We read in Parashat Pinchas of Moshe’s request that God appoint a successor who would lead Benei Yisrael after his death. In response, God instructs Moshe to formally assign Yehoshua as his successor in a public ceremony. Immediately thereafter, God presents the commands regarding the temidin u-musafin – the sacrifices offered each day and the additional sacrifices offered on special occasions (Shabbat, Rosh Chodesh and festivals).
Rashi (28:2), citing the Sifrei, offers the following explanation for why the command of temidin u-musafin appears immediately after the story of Yehoshua’s appointment: “The Almighty said to him [Moshe]: Before you command Me with respect to My children, command My children with respect to Me.” Meaning, after God “obeyed” Moshe’s “command” that He name a successor, He then reminded Moshe that Benei Yisrael must obey His commands to them, as well.
Chazal here warn against focusing too much attention on the issue of leadership, at the expense of our own responsibilities. Moshe was certainly not wrong to ask God to name a successor to ensure a stable transition after his passing. Leadership is vitally important, and undoubtedly we should be concerned that our communities and our nation have capable and deserving leaders. Often, however, we devote too much thought and attention to the appointment of leaders that we neglect our own obligations and responsibilities. And thus Chazal warn, “Before you command Me with respect to My children, command My children with respect to Me.” We must avoid excessive preoccupation with politics and the selection of leaders, notwithstanding its importance, and give proper attention to the responsibilities to which we need to attend.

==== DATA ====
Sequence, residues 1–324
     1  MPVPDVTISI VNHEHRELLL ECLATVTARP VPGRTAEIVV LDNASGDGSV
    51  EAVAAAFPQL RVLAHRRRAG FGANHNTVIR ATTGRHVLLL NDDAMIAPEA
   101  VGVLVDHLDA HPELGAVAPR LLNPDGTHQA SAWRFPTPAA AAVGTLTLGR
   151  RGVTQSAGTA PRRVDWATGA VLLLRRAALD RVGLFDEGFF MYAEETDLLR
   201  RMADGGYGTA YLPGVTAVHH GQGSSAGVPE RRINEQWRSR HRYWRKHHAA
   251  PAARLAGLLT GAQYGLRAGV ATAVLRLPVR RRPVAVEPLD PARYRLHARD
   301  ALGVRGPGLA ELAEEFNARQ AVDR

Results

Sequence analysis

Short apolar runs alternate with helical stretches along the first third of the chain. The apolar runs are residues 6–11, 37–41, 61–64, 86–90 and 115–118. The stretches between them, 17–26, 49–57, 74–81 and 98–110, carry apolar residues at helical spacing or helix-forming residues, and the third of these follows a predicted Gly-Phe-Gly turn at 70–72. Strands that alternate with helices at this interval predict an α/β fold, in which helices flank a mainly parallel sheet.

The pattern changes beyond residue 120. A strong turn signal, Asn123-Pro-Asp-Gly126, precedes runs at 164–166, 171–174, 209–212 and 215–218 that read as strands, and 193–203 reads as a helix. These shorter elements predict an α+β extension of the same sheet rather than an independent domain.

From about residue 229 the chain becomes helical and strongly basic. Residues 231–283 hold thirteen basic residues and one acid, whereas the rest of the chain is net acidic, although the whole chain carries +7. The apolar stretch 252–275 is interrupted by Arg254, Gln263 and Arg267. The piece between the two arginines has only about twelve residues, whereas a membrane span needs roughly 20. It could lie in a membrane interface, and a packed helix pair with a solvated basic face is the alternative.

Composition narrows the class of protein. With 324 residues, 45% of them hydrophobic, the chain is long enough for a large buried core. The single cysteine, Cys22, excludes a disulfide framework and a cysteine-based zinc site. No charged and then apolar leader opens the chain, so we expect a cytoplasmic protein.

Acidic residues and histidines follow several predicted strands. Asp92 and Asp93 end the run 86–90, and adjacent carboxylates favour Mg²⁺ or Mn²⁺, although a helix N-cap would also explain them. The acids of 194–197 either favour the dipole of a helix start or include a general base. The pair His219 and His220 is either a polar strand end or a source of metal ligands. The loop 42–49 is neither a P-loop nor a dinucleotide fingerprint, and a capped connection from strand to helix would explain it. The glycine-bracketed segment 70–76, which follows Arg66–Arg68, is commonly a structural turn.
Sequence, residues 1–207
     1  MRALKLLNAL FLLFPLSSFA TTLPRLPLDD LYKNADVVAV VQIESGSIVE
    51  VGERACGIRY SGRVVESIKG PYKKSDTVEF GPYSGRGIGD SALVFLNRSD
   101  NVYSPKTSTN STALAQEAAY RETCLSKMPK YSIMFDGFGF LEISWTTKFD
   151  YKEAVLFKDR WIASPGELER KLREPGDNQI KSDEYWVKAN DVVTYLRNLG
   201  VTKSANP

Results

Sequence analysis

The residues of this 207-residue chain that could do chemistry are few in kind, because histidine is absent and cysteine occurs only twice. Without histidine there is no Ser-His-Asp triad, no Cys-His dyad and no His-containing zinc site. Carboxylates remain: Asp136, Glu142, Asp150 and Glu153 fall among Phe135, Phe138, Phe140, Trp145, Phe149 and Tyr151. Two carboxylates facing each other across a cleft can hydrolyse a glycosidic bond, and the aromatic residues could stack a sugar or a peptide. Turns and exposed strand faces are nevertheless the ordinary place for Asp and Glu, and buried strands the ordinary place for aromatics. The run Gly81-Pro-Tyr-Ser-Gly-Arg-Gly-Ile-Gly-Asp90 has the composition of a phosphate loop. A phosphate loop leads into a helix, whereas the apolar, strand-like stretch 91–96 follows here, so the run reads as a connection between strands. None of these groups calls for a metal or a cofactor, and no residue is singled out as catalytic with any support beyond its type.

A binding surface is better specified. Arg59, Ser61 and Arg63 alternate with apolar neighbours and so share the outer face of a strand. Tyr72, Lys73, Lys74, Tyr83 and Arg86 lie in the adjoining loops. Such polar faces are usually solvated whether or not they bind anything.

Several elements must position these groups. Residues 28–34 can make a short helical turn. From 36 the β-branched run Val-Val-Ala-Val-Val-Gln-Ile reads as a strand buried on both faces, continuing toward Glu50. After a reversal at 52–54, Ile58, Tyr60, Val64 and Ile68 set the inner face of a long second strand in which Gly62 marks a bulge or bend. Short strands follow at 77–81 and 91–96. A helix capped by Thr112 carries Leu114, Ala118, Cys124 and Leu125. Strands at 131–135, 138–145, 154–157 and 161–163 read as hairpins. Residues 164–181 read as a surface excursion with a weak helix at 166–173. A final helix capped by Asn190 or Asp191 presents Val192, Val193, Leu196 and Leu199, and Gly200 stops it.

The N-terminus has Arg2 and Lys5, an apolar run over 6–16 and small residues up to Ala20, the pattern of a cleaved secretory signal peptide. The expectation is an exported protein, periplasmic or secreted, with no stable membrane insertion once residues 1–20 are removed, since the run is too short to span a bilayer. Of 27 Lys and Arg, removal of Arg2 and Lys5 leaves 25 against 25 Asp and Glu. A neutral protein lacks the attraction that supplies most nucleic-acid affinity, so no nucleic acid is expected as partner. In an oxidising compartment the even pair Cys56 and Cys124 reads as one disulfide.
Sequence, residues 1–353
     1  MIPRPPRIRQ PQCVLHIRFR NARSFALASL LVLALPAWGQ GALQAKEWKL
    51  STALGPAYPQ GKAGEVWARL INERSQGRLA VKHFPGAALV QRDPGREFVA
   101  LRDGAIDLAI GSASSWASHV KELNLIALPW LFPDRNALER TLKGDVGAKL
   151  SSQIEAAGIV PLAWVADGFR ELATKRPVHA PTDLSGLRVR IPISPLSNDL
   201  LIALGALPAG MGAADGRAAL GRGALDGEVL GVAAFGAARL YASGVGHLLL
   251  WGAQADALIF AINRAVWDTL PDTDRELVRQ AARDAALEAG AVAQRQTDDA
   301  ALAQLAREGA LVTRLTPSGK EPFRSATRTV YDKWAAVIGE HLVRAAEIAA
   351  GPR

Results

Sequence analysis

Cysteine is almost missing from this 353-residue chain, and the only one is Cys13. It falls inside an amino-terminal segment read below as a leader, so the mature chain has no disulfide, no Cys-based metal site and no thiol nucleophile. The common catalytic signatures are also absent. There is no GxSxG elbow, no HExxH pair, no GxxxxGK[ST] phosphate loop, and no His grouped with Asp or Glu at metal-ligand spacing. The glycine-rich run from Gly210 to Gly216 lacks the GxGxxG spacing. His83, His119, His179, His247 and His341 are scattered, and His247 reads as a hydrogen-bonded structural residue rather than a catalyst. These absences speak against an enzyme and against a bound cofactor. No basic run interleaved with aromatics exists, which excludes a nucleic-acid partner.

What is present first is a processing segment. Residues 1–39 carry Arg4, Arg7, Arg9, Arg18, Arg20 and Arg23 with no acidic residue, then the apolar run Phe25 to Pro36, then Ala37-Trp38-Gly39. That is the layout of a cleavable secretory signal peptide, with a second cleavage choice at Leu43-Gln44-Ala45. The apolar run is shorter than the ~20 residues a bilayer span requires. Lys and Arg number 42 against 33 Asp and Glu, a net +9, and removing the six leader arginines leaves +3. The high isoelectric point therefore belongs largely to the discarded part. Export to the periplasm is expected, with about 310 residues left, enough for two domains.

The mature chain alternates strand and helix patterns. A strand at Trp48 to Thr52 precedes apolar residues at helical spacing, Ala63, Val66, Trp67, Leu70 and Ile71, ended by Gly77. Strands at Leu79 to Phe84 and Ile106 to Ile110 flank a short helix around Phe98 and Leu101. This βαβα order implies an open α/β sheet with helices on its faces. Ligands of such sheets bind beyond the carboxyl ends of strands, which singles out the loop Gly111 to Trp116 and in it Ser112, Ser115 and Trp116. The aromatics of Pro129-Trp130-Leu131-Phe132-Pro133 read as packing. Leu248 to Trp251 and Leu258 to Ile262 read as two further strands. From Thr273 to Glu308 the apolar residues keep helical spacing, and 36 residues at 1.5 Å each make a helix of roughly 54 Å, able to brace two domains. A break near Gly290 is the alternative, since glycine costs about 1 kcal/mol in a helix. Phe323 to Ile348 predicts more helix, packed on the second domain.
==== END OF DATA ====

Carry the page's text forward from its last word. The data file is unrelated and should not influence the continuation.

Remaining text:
Significantly, Chazal make this comment in particular reference to the temidin u-musafin. The message underlying these mitzvot is that each day presents us with obligations to meet and challenges to confront. Some responsibilities present themselves each day (“temidin”), whereas others arise on certain occasions or under particular circumstances (“musafin”). But on each and every day, without exception, we have obligations that we need to fulfill. Excessive preoccupation with our leadership threatens to divert our attention from our “temidin u-musafin,” our obligations, as it causes us to cast the entire burden of responsibility on the leaders’ shoulders. It leads us to think that our success or failure depends solely on how the leaders execute their responsibilities, without worrying about how we execute ours. Chazal here remind us that notwithstanding the importance of leadership, our primary focus must be our “temidin u-musafin,” the responsibilities that we must tend to each and every day throughout our lives.